It is clear from this report that by these two steps Abu Ja’far managed to refute al‑Bilali's claim. Al‑Tusi mentioned one person who abandoned his support of al‑Bilali and took Abu Ja’far's side, and perhaps other supporters did likewise, because the existent sources do not refer to any trace of this split during the last years of the second Saf’ir's time in office, a fact which probably indicates that it had ended.
A third rival to Abu Ja’far for the office of the sifara was Muhammad b. Nusayr, who was not an ordinary Imamite, but belonged to the extremists, (al-Ghulat). It has been noted that some of the extremists, first during the time of the ninth Imam (such as Ja’far b. Waqid, Abu al‑Ghamr and Hashim b. Abi Hashim), then during the time of the tenth and eleventh Imams (such as ‘Ali b. Haska al‑Hawwari al‑Qummi and his students al‑Qasim al‑Sharani alYaqtini, al‑Hasan b. Muhammad b. Baba al‑Qummi and Muhammad b. Musa al‑Shariqi or al‑Shari’i), had claimed that they were the agents or the Gates (Abwab) of the Imam and had collected money from the ordinary believers. They also preached extremist ideas aimed at abolishing the Islamic rites, that is, the prayer, fast, zakat and pilgrimage.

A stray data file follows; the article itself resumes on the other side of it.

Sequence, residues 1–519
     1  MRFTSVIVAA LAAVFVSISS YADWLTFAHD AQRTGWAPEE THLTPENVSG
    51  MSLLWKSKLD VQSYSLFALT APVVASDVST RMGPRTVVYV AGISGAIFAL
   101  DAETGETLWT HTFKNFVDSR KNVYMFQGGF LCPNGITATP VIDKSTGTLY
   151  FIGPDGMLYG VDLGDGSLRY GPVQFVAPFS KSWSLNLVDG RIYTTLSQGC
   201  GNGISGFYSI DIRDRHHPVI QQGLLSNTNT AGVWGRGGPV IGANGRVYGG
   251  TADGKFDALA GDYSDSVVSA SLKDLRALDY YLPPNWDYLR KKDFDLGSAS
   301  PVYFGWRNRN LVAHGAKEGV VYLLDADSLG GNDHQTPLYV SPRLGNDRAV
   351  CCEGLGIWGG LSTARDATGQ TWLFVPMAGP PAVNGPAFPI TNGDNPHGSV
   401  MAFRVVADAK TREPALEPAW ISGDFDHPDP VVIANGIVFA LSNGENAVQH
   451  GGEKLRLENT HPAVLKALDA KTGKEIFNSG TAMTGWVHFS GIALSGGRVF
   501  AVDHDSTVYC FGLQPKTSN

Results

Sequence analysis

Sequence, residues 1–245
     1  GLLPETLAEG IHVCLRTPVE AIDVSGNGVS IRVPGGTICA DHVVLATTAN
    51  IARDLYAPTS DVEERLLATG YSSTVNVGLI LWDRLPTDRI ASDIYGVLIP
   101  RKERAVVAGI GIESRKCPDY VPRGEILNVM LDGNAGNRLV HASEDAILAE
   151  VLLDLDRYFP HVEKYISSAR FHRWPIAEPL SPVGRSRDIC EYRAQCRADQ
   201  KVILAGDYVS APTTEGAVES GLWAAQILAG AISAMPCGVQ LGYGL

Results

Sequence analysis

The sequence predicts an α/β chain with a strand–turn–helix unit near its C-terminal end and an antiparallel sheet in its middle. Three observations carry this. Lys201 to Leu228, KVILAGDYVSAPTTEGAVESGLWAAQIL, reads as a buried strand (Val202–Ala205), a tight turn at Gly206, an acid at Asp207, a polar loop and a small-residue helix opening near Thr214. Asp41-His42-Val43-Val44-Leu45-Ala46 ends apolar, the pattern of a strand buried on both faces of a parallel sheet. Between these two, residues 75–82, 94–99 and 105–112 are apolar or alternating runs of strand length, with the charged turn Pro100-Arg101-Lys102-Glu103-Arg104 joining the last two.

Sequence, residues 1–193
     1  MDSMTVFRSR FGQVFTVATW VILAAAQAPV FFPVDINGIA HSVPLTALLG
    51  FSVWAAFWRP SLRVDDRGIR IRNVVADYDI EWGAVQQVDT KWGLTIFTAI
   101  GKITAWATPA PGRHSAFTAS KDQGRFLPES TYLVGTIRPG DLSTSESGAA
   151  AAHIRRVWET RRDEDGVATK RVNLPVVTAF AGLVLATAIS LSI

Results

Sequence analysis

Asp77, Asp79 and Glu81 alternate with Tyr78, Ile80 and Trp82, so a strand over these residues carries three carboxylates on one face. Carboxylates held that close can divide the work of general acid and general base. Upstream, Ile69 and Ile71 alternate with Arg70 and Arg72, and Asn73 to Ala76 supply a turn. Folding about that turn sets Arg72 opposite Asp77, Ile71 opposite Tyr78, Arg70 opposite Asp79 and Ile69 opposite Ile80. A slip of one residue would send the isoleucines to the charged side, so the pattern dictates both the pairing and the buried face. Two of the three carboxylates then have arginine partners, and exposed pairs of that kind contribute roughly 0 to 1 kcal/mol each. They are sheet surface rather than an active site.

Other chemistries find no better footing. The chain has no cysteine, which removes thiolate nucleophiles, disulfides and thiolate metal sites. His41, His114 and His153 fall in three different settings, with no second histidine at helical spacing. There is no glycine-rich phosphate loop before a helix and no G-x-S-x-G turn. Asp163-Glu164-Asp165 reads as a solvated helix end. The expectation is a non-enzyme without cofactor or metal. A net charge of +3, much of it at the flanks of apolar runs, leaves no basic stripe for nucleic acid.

According to Al-Kashshi their roots lay in the extremist doctrines of Ibn Abi al‑Khattab25, the contemporary of the sixth Imam al-Sadiq. However, the presence of the Imams had limited the activities of the extremists, since the Imams used to have direct contacts with their followers and circulated open letters of excommunication against false agents.
But the occultation of the Twelfth Imam enabled the Ghulat to extend their role as agents or Gates (Abwab) at the expense of the Saf’ir, since the Saf’ir could not refute their claim by declaring publicly that he was the true Imam's Saf’ir, a declaration which might put his life and the Imam's life in danger. For this reason, when al‑‘Askari died, Muhammad b. Musa al‑Shari’i claimed ‑ as has been noted ‑ that he was the Gate (Bab) of the Imam.
According to al‑Tusi, after the death of al-Shari’i, Muhammad b. Nusayr al‑Numayri aspired to the office of the Saf’ir26.